Dunkin’ Donuts: the new depressant. Sick pink walls around drooling bums and cubicle drones contemplating suicide on sticky orange furniture. Employees who hate each other and everything else about the store—the awful food, the customers, and a hellish fluorescent hum. Bratty little powder puffs raised to become Ronald McDonald's new whore. It's a Social Darwinist's villa of disappointment. Just yesterday I was in line when a mother and her eight-year-old daughter walked in. The mother, svelte, talked with her chubby girl about exercise. "I have a new app on my phone that counts how many calories I burn when I do stuff" little princess replied, to a barely registered sigh of approval from her mother. "I want the breakfast sandwich," the girl demands, and the mother limply reminds her to watch what she eats. "But I want it. And I want the yellow donut. I don't know what it is, what it tastes like, but I want it. It's yellow." Donut Mom sounds like she's been beaten down PTSD-style when she orders that eggy breakfast sandwich and "the yellow thing. No, over there. Over there. Too far. Under the munchkins..."
How hard is it to say no to your kids? I've never had to deal with a mewling feed and money bucket for that long, but if you buy them fast food, what do you expect? It'll make them anything but fat and unhealthy? And this notion that it's okay to give in to a kid's demands like that. Most kids are stupid, and one hopes the parent is smarter than them to know that rewarding every impulse blindly is what's killing the human race. I get this feeling as the world gets worse and worse on every front—politics, media, economics, culture, killing sprees—people's defense is to drop out and anesthetize themselves from everything around them, and to stick to a pattern. Nostalgia is cherished and basked in by young people with no future in sight, who would rather talk about Hey Arnold! or Digimon rather than confront the reality ahead of them.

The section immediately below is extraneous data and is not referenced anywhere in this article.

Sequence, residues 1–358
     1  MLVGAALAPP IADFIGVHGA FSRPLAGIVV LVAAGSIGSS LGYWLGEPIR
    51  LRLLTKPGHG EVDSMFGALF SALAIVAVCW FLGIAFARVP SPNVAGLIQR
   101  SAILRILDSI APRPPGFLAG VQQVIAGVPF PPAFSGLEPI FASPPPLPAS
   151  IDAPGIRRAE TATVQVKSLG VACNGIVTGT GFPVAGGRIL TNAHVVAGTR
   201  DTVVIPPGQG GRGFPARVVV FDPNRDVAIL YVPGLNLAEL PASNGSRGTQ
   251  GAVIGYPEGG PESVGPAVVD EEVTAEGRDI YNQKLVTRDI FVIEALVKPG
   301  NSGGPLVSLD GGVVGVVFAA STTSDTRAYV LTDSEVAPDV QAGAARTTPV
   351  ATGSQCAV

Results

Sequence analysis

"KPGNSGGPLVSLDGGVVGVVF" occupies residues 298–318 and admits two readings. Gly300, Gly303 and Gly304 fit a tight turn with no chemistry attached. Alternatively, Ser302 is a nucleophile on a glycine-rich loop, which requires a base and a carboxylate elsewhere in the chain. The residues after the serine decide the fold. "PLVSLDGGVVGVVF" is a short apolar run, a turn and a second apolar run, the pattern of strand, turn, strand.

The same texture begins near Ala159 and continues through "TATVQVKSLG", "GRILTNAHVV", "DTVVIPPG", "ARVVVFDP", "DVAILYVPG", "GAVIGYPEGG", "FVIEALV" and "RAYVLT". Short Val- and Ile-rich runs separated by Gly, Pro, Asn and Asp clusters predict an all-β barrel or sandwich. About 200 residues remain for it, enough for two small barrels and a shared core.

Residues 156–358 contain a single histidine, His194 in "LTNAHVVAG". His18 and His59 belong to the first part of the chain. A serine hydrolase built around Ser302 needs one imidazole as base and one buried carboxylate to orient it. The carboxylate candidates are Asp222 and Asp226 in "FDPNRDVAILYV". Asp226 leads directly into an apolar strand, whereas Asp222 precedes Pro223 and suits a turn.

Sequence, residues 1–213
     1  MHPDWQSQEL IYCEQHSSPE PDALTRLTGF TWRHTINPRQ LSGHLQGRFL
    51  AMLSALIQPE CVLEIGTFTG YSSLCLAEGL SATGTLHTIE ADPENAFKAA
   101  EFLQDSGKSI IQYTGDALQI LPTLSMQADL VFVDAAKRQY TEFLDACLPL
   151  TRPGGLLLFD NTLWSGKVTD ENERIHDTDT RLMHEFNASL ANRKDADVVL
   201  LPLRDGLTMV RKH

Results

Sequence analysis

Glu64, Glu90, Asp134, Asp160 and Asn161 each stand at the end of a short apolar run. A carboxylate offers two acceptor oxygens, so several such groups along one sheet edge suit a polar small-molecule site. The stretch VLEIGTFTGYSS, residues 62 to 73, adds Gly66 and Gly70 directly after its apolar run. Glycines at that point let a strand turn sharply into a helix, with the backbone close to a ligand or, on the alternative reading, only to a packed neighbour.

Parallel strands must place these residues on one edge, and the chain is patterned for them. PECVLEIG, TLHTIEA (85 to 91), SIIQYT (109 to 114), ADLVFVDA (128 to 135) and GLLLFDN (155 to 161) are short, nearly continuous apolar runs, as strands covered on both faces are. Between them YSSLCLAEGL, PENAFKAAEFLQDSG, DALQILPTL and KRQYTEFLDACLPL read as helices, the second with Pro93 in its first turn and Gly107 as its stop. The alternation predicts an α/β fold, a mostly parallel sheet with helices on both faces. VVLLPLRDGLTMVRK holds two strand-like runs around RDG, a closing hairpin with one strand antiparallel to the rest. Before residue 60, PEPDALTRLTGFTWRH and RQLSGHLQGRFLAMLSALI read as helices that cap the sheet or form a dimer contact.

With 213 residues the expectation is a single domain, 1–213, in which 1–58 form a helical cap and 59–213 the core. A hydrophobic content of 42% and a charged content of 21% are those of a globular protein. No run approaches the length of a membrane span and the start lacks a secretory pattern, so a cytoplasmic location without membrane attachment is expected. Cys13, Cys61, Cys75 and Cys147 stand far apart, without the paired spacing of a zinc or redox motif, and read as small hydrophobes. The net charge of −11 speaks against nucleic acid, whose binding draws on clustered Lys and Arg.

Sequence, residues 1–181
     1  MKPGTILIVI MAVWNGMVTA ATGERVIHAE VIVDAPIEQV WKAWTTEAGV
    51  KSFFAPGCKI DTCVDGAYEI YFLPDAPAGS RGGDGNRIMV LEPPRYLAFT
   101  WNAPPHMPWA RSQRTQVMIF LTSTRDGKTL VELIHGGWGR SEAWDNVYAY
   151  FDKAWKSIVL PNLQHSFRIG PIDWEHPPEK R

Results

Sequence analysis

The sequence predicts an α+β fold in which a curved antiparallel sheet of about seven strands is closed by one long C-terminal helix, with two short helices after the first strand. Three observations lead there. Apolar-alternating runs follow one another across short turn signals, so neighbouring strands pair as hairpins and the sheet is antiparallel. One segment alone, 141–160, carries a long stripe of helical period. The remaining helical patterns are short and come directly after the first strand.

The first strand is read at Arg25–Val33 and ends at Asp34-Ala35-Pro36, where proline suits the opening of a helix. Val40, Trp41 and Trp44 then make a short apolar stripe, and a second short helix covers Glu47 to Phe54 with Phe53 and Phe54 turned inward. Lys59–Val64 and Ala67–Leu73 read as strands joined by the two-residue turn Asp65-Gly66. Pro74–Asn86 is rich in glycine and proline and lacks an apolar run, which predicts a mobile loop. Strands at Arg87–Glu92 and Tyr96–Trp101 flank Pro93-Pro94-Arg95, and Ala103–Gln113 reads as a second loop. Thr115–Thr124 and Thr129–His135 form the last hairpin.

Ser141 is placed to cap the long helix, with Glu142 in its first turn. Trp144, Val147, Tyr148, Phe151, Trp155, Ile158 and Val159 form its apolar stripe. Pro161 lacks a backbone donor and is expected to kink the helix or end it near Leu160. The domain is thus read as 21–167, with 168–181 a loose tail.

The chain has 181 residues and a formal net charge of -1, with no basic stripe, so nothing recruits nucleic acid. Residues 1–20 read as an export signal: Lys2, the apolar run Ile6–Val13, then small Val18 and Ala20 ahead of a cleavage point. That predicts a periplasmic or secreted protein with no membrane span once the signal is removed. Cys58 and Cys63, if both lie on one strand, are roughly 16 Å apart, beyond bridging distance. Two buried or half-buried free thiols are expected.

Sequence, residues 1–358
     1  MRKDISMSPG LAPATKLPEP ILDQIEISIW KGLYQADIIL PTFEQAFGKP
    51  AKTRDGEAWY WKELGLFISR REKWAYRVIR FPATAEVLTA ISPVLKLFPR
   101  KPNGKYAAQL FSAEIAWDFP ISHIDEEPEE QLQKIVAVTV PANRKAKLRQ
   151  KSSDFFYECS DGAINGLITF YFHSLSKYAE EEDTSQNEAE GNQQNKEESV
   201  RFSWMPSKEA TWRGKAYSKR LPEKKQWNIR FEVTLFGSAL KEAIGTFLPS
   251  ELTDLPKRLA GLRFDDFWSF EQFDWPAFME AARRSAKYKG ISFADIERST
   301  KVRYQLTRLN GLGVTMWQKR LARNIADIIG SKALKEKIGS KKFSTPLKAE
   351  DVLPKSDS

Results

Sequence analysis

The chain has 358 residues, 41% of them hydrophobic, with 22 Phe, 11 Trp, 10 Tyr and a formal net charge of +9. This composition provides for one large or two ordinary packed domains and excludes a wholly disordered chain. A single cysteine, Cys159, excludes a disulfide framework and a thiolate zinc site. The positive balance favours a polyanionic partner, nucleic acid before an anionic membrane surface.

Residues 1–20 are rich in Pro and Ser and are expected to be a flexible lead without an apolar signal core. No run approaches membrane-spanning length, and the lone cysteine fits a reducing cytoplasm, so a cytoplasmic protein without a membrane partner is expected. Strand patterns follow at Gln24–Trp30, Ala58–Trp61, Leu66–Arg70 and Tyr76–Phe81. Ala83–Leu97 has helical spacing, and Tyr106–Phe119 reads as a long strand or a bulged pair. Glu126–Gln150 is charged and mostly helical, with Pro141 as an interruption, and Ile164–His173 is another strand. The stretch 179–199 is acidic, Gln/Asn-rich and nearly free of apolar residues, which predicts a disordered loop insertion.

The last 10 years have been a truly insane time to come of age. At this point, 9/11 really does feel like the last time people were jolted out of their comfort zones and brought to life, through intense communal fear, anger, and sadness. That sort of psychological assault could've gone the other way: there was a window of opportunity where our country could've proved itself to be truly exceptional, but we're a bloated, sick parody of what we were. The bitterness and cynicism run deep everywhere you look, and none of the sincerity and reality of post-9/11 America is there anymore. We've been beaten down, by bad news, bad leaders, and an unending stream of death, destruction, and decay brought to you in HD, next to a silly ad for the new Justin Timberlake innuendo romp—and the luxuries we have are all people can handle. Mom doesn't want to deal with princess throwing a fit—she's all out of Xanies.
The youth has no reason to mobilize, and we're stuck with a generation of kids so desensitized to the world, so detached and cool and above the awful and stupid things happening in the news. The future is too immense and incomprehensible, so they check out, give in, and give up. Everyone needs to take responsibility for their own lives, their own philosophy, and their own actions, before they go to customer service for help. Dunkin’ Donuts is a microcosm of what's wrong with America, but it's too easy to just get the yellow blob of sugar.